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Menstrual pain and quality of life in women with primary dysmenorrhea: rationale, design, and interventions of a randomized controlled trial of effects of a treadmill-based exercise intervention

journal contribution
posted on 2023-07-26, 13:39 authored by Priya Kannan, Cathy M. Chapple, Dawn Miller, Leica S. Claydon, David G. Baxter
Dysmenorrhea in the absence of pelvic abnormality is termed primary dysmenorrhea (PD). The health burden and social and economic costs of PD are high as it is reported to be the leading cause of recurrent absenteeism from school or work in adolescent girls and young adults. The belief that exercise works for relieving symptoms in women with PD is based on anecdotal evidence and non-experimental studies. There is very limited evidence from randomized controlled trials (RCTs) to support the use of exercise to reduce the intensity of menstrual pain. The objective of this study is to evaluate the effectiveness of exercise to reduce intensity of pain and improve quality of life in women with PD. We describe the study design of a single-blind (assessor), prospective, two-arm RCT, and the participant characteristics of the 70 women recruited in the age-group 18 to 43 years. The primary outcome of the study is pain intensity. The secondary outcomes of the study are quality of life, functional limitation, sleep, global improvement with treatment, and protocol adherence. The outcomes assessments are done at first menstrual period (baseline, Week 0), 2nd menstrual period (Week 4) and at two additional time points (Week 16 and Week 28) during the trial. The results of the study will provide physiotherapists, medical practitioners, and researchers as well as the women who have PD with new insights, knowledge, and evidence about the use of exercise to manage pain in women with PD.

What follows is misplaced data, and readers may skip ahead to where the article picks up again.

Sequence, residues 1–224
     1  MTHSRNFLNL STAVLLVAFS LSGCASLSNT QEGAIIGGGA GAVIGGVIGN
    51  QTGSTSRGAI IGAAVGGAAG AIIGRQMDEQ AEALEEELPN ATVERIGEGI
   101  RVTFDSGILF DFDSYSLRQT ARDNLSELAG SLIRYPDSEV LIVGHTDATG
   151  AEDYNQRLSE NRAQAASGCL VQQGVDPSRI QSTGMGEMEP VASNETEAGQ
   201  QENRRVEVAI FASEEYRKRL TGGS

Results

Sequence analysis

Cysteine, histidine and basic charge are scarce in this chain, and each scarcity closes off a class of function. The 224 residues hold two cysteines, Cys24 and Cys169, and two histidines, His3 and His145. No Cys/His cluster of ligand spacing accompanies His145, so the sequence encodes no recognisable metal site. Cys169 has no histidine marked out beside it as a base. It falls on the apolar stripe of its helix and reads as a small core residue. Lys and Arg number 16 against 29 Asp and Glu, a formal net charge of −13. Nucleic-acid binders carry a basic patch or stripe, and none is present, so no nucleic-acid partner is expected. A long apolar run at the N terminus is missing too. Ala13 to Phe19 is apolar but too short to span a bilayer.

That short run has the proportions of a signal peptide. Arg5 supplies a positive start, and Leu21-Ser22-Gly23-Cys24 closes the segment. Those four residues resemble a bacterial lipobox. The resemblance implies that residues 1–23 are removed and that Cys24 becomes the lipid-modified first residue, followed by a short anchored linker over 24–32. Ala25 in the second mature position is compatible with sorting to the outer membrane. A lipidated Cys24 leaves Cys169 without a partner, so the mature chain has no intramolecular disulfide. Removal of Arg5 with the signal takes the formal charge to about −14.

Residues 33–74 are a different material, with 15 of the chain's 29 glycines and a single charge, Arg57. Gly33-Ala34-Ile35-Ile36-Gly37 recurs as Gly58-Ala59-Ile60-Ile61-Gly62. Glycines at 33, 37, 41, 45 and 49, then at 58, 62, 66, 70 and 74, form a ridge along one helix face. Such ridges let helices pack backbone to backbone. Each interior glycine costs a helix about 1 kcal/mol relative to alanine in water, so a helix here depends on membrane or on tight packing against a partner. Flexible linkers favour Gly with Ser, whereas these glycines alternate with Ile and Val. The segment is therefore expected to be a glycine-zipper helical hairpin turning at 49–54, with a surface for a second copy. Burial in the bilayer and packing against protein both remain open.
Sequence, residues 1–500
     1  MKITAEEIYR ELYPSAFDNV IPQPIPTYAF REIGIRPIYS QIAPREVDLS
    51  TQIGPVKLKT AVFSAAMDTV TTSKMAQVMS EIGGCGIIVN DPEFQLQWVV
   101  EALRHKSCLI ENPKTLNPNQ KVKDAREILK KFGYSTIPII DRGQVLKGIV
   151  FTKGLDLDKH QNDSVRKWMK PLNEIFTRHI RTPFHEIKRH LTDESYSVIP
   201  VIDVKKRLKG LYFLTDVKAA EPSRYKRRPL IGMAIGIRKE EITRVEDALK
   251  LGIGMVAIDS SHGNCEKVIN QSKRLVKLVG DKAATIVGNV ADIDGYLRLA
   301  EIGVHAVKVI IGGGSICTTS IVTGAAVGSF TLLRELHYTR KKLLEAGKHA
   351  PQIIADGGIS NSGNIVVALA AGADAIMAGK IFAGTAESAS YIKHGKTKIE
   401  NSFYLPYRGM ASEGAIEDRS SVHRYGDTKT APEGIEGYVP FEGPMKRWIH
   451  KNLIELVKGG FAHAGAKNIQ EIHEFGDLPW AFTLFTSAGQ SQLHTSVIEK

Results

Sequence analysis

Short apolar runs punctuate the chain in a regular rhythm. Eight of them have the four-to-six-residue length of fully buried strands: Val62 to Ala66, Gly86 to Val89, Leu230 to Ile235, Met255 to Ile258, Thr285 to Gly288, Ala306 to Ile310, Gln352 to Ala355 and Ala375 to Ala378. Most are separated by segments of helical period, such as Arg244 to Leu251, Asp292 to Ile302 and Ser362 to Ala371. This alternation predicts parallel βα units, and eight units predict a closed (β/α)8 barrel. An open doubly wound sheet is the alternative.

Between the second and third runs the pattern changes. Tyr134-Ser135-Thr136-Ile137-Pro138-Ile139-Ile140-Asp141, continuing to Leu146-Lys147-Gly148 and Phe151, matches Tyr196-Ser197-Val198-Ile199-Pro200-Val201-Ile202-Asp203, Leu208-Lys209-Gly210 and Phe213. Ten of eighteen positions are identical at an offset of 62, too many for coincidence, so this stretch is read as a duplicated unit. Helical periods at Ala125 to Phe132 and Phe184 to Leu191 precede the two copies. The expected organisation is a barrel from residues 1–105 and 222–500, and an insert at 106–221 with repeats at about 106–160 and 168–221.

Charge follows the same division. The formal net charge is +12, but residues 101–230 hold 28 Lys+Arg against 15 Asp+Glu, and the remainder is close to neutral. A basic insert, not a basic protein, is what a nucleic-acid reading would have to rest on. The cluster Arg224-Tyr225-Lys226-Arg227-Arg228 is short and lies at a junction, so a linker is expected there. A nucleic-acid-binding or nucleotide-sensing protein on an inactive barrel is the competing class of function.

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Contemporary Clinical Trials






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ARCHIVED Faculty of Medical Science (until September 2018)

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